New research at the University of Chicago finds evidence for a clever way that people manage to alleviate the pain of loneliness: They create people in their surroundings to keep them company.
Biological reproduction is not a very efficient way to alleviate ones loneliness, but you can make up people when youre motivated to do so, said Nicholas Epley, Assistant Professor of Behavioral Science at the University of Chicagos Graduate School of Business. When people lack a sense of connection with other people, they are more likely to see their pets, gadgets or gods as human-like.
Social scientists call this tendency anthropomorphism. As a research topic, the phenomenon carries important therapeutic and societal implications, Epley said. He and his co-authors will publish their findings on anthropomorphism in the February issue of the journal Psychological Science. Also contributing to the research were Scott Akalis of Harvard University and the University of Chicagos Adam Waytz and John Cacioppo.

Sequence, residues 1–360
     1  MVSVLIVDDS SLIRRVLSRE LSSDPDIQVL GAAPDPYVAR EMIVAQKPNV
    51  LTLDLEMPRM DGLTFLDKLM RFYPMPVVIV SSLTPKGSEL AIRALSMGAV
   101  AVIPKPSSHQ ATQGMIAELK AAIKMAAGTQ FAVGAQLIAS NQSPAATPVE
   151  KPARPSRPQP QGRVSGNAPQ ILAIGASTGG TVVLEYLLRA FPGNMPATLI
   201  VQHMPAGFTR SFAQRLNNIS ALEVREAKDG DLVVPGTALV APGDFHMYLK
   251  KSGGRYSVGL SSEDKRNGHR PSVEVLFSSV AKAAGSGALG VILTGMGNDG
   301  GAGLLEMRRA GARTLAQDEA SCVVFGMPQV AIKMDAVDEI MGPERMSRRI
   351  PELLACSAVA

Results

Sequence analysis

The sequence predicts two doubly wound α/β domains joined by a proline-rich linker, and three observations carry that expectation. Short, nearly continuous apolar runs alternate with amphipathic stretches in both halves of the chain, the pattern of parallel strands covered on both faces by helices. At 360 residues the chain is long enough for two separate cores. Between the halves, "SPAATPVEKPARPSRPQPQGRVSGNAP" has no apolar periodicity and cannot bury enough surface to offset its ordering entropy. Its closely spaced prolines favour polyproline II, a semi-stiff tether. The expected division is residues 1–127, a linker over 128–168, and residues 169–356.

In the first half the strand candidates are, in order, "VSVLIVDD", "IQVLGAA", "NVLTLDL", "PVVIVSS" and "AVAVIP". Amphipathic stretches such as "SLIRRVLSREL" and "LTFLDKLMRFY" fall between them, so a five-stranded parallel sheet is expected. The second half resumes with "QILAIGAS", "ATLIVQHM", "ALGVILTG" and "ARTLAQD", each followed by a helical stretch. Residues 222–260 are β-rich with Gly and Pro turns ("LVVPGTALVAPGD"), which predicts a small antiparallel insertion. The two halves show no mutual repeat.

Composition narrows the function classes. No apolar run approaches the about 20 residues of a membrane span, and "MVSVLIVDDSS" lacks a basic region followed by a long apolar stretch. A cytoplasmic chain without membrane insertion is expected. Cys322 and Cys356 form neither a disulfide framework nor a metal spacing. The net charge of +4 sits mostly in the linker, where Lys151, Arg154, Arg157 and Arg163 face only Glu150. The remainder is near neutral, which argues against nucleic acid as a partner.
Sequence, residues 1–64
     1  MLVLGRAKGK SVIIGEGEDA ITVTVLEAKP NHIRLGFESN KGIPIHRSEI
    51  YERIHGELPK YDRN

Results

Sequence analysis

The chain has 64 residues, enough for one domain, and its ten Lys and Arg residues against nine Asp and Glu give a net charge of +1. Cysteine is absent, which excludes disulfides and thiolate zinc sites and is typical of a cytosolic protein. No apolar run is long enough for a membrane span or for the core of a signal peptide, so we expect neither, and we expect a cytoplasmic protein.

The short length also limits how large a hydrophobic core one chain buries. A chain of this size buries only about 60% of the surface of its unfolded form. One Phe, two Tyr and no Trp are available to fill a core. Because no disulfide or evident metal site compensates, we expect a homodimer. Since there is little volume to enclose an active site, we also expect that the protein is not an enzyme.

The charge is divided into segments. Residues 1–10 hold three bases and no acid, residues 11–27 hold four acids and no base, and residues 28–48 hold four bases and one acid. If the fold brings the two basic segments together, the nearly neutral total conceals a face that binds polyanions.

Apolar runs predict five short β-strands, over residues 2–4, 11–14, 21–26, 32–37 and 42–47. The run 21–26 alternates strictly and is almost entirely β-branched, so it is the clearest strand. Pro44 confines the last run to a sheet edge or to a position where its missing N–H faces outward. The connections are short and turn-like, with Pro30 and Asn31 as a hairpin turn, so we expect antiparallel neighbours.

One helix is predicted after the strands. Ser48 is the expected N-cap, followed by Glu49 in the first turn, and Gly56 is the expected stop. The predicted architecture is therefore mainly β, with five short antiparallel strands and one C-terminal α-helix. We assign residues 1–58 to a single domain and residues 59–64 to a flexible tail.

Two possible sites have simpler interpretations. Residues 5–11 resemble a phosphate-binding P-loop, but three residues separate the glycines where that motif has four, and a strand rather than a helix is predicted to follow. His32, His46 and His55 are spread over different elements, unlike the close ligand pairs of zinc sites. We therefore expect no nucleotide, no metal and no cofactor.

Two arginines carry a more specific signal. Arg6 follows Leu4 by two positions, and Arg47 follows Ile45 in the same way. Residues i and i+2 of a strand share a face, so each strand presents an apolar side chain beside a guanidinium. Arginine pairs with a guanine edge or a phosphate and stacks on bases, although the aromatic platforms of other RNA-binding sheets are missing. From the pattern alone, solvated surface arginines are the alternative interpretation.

The behaviors they describe in the paper are not limited to the lonely. Nevertheless, they are well-known to casual observers, from the stereotype of the woman who lives alone surrounded by her menagerie of cats, to the movie portrayal of a tropical island castaway.
In the movie Castaway, Tom Hanks was isolated on an island and found the social desolation to be one of the most daunting challenges with which he had to deal, said Cacioppo, the Tiffany and Margaret Blake Distinguished Service Professor in Psychology at the University of Chicago.
He did so, in part, by anthropomorphizing a volleyball, Wilson, who became his friend and confidant while he was on the island. Although fictional, Castaway depicts a deep truth about the irrepressibly social nature of Homo sapiens, Cacioppo said.
The researchers designed three experiments to test their expectations that lonely people are more likely to make up for their lac
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University of Chicago